UNDERSTAND THE PROCESS AND EXPERIENCE OF DEMENTIA Task A 1. For each of the following forms of dementia, describe: • How is the brain affected • The symptoms an individual might experience. Alzheimer's disease is a degenerative brain disease. Most patients start exhibiting symptoms after they reach the age of 60. Alzheimer's disease affects the brain through exponentially greater cell death and tissue loss, resulting in a decreased brain size.
It is a physical condition affecting the brain. It can be caused by various things such as age, down syndrome and genetics. It is caused when abnormal clumps called either plaques or tangles interfere with how the brain cells work and communicate which cause them to die. People with Alzheimer’s also have a shortage of chemicals that help with the transmission of the brain. The symptoms of Alzheimer’s disease may change as the disease progresses.
Dementia which begins gradually and worsens progressively over several years is usually caused by neurodegenerative disease that is, by conditions affecting only or primarily the neurons of the brain and causing gradual but irreversible loss of function of these cells. Less commonly, a non-degenerative condition may have secondary effects on brain cells, which may or may not be reversible if the condition is treated. The causes of dementia depend on the age at which symptoms begin. In the elderly population, a large majority of cases of dementia are caused by Alzheimer's disease, vascular dementia or both. It is rare to have dementia in young people 1.2 Describe the types of memory impairment commonly experienced by individuals with dementia.
Understand the process and experience of dementia Definition of dementia is a syndrome usually of a chronic or progressive nature in which there is deterioration in cognitive function, thinking, orientation, comprehension, and calculation, learning capacity, language and judgement. Dementia is caused by damage in brain. The most common cause of dementia is called neurodegenerative diseases that include Alzheimer’s disease, vascular dementia, Huntington disease, Front temporal dementia and dementia with lewy bodies. With this disease the brain cell degenerate and die more quickly than normal ageing process, these decline a persons mental and some times physical abilities. The gradual changes and damage to the brain cells are caused by a build up of abnormal proteins in the brain.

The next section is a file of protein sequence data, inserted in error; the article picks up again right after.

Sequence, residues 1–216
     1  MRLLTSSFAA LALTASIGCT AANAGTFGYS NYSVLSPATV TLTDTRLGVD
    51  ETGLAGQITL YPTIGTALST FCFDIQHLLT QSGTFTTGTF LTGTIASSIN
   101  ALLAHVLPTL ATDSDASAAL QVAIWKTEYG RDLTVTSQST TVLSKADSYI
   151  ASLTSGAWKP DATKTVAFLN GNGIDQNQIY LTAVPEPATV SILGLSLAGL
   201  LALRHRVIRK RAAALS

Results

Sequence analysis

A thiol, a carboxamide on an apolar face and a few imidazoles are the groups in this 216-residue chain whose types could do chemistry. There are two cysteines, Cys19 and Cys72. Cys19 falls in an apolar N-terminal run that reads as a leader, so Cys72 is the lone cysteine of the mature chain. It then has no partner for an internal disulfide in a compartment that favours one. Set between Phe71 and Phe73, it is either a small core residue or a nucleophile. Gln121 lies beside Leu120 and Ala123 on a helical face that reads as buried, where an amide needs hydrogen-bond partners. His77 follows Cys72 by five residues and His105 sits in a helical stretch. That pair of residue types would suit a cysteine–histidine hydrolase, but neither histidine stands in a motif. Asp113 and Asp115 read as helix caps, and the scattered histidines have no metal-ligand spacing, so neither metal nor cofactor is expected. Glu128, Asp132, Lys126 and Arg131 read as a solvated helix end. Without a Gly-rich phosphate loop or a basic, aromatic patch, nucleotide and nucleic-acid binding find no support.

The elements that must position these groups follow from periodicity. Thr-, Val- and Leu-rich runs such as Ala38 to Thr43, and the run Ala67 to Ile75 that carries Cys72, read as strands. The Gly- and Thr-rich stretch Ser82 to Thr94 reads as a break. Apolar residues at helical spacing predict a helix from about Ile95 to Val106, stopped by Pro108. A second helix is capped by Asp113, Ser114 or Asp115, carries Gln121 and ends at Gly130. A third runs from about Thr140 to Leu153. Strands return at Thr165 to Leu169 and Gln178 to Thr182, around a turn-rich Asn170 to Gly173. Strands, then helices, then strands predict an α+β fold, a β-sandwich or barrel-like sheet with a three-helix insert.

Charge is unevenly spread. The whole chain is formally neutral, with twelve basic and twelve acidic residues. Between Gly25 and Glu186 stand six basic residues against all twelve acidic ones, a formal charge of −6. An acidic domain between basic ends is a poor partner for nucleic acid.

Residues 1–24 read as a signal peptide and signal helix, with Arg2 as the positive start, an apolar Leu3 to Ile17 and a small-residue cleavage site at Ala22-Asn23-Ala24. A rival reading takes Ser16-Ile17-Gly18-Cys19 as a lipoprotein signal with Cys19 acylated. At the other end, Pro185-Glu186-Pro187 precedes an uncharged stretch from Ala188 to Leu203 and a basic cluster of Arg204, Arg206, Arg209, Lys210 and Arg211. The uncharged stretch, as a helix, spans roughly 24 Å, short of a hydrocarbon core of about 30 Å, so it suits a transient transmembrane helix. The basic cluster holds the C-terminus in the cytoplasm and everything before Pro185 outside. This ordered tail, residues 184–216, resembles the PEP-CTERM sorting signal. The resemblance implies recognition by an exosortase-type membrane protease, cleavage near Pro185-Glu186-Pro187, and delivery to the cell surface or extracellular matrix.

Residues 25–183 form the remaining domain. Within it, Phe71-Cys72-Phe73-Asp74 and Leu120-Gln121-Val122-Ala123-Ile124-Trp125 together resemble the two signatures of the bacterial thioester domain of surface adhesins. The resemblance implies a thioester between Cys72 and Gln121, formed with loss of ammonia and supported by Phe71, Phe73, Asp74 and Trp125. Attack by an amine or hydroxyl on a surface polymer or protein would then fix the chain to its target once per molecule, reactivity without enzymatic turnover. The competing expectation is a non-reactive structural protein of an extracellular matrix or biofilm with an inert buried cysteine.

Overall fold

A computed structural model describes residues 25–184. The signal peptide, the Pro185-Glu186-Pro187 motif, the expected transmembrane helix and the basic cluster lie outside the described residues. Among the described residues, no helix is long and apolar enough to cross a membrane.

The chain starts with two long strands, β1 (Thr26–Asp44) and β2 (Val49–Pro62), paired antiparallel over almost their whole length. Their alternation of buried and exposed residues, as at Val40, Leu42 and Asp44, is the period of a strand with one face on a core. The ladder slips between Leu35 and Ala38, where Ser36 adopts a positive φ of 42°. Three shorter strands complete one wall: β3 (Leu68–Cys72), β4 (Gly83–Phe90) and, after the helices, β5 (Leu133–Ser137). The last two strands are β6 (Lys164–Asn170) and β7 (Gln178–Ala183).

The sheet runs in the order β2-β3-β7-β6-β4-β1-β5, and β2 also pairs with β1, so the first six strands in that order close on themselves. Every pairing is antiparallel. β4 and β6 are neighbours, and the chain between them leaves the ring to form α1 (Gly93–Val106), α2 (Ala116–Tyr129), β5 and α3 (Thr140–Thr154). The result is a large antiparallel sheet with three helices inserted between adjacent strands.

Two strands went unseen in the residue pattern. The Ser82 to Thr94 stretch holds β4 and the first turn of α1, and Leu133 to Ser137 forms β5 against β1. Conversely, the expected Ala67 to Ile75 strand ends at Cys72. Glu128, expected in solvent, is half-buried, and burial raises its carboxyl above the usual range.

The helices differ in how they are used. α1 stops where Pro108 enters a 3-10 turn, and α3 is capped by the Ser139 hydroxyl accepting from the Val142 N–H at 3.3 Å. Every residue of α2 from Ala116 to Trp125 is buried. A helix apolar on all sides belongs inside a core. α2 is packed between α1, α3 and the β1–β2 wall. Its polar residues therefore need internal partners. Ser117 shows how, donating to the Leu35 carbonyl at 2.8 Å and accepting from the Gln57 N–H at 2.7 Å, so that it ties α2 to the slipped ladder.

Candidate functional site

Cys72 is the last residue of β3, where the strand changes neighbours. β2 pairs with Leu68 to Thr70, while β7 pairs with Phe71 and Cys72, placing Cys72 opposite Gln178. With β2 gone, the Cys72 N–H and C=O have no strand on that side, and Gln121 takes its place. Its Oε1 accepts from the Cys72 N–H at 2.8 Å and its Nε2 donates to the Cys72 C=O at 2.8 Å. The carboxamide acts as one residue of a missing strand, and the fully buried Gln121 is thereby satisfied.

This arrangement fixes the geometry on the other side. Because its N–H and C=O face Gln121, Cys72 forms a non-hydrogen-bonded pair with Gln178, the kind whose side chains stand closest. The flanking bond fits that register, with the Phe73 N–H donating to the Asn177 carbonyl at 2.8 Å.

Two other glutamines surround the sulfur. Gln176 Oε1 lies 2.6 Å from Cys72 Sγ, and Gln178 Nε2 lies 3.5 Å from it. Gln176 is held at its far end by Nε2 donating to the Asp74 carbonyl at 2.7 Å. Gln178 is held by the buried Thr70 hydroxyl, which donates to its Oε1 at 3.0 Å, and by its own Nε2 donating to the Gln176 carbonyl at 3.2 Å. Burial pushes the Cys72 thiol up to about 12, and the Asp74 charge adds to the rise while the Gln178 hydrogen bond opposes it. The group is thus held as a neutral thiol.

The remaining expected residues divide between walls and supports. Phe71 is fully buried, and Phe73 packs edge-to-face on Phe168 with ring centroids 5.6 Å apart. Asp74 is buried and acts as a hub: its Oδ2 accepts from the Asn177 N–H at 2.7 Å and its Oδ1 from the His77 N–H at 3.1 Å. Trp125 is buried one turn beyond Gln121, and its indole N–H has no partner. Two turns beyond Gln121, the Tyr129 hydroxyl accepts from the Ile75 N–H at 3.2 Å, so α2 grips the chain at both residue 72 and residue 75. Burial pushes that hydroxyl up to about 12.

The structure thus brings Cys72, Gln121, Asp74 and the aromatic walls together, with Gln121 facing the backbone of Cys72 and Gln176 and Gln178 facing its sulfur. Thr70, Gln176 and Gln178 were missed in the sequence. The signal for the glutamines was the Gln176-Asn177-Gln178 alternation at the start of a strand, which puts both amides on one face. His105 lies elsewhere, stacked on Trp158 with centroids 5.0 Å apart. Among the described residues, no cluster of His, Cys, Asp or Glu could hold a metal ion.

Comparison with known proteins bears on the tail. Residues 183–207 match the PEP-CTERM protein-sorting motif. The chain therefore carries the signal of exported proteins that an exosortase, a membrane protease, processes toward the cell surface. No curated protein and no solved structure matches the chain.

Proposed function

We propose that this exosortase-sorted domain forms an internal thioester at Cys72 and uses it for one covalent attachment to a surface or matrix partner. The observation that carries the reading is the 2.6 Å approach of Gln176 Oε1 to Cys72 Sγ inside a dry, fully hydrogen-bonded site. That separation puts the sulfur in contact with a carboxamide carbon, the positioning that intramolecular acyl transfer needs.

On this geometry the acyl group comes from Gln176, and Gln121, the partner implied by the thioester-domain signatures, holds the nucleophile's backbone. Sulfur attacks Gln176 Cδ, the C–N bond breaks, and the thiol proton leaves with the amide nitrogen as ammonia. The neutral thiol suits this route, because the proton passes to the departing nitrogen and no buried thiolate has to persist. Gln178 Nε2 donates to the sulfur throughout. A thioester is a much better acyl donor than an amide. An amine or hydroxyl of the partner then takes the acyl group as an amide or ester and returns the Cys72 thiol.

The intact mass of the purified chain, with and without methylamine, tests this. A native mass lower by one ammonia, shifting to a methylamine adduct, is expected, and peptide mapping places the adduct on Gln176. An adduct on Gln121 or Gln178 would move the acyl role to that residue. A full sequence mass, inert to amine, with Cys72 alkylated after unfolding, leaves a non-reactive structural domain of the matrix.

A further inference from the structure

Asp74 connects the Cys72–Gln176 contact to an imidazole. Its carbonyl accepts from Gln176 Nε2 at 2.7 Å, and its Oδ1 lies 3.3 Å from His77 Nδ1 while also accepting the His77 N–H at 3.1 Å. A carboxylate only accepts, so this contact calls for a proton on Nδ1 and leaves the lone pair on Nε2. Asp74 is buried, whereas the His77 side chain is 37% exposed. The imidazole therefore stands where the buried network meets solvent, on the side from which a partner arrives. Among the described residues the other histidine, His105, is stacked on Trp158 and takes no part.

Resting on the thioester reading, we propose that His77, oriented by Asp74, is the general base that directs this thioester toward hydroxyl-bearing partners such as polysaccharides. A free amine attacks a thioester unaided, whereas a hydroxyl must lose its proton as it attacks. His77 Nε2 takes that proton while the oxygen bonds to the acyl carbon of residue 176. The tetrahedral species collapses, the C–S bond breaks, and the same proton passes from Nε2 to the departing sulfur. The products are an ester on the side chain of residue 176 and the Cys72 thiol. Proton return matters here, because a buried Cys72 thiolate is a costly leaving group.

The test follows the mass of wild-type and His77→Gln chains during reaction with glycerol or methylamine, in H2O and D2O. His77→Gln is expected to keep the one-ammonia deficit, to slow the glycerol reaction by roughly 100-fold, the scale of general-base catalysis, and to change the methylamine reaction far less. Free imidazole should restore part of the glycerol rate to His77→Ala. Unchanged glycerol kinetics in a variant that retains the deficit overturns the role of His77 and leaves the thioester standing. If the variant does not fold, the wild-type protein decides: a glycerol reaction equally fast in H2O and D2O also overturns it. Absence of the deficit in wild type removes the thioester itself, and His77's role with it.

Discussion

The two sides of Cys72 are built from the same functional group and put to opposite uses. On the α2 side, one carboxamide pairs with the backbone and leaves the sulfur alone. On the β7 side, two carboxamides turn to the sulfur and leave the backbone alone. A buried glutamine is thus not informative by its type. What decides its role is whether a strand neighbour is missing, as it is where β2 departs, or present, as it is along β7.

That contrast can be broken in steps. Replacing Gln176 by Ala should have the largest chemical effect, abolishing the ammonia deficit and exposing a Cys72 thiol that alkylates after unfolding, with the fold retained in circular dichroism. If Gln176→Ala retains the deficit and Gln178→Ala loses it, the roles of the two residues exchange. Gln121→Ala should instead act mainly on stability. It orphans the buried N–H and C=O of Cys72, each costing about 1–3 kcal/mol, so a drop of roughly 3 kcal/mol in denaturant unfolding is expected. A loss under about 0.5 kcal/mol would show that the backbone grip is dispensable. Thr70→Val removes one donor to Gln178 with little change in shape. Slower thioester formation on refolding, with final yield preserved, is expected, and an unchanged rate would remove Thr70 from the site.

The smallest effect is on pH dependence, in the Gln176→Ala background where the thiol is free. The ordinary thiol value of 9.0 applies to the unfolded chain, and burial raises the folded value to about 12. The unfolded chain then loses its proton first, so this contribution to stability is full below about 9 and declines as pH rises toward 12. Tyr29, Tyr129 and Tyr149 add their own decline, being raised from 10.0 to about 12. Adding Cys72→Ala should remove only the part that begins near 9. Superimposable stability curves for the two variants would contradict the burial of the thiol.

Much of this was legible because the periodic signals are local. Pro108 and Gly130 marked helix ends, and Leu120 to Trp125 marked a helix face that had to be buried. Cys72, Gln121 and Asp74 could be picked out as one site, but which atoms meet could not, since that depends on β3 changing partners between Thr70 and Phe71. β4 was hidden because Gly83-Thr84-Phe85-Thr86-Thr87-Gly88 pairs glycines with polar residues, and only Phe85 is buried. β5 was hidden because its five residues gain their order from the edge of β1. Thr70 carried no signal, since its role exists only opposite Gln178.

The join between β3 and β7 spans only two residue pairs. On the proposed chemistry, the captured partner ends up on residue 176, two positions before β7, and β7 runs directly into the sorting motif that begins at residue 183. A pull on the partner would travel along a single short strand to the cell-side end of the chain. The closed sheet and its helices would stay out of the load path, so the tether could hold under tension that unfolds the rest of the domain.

In the usual case, the Alzheimer’s dementia syndrome is characterized by early episodic memory decline (eg amnesia) consistent with early neuropathology targeting the medial temporal lobes, with additional deficits in language and semantic knowledge, abstract reasoning, executive functions,attention,and visuospatial abilities that contribute to decline in everyday functions(Salmon and Bondi,2009).A number of performance characteristics on episodic memory measures help differentiate between mildly demented Alzheimer patients and normal older adults. These characteristics include an abnormally high rate of forgetting whereby patients with an early Alzheimer’s disease are particularly impaired on measures of delayed recall; failure to benefit from recognition testing, in which retrieval demands are reduced, indicating storage loss of memory for recently learned information rather than a retrieval deficit; and an abnormal serial position effect characterized by an attenuation of the primary effect(i.e. recall of words from the beginning of a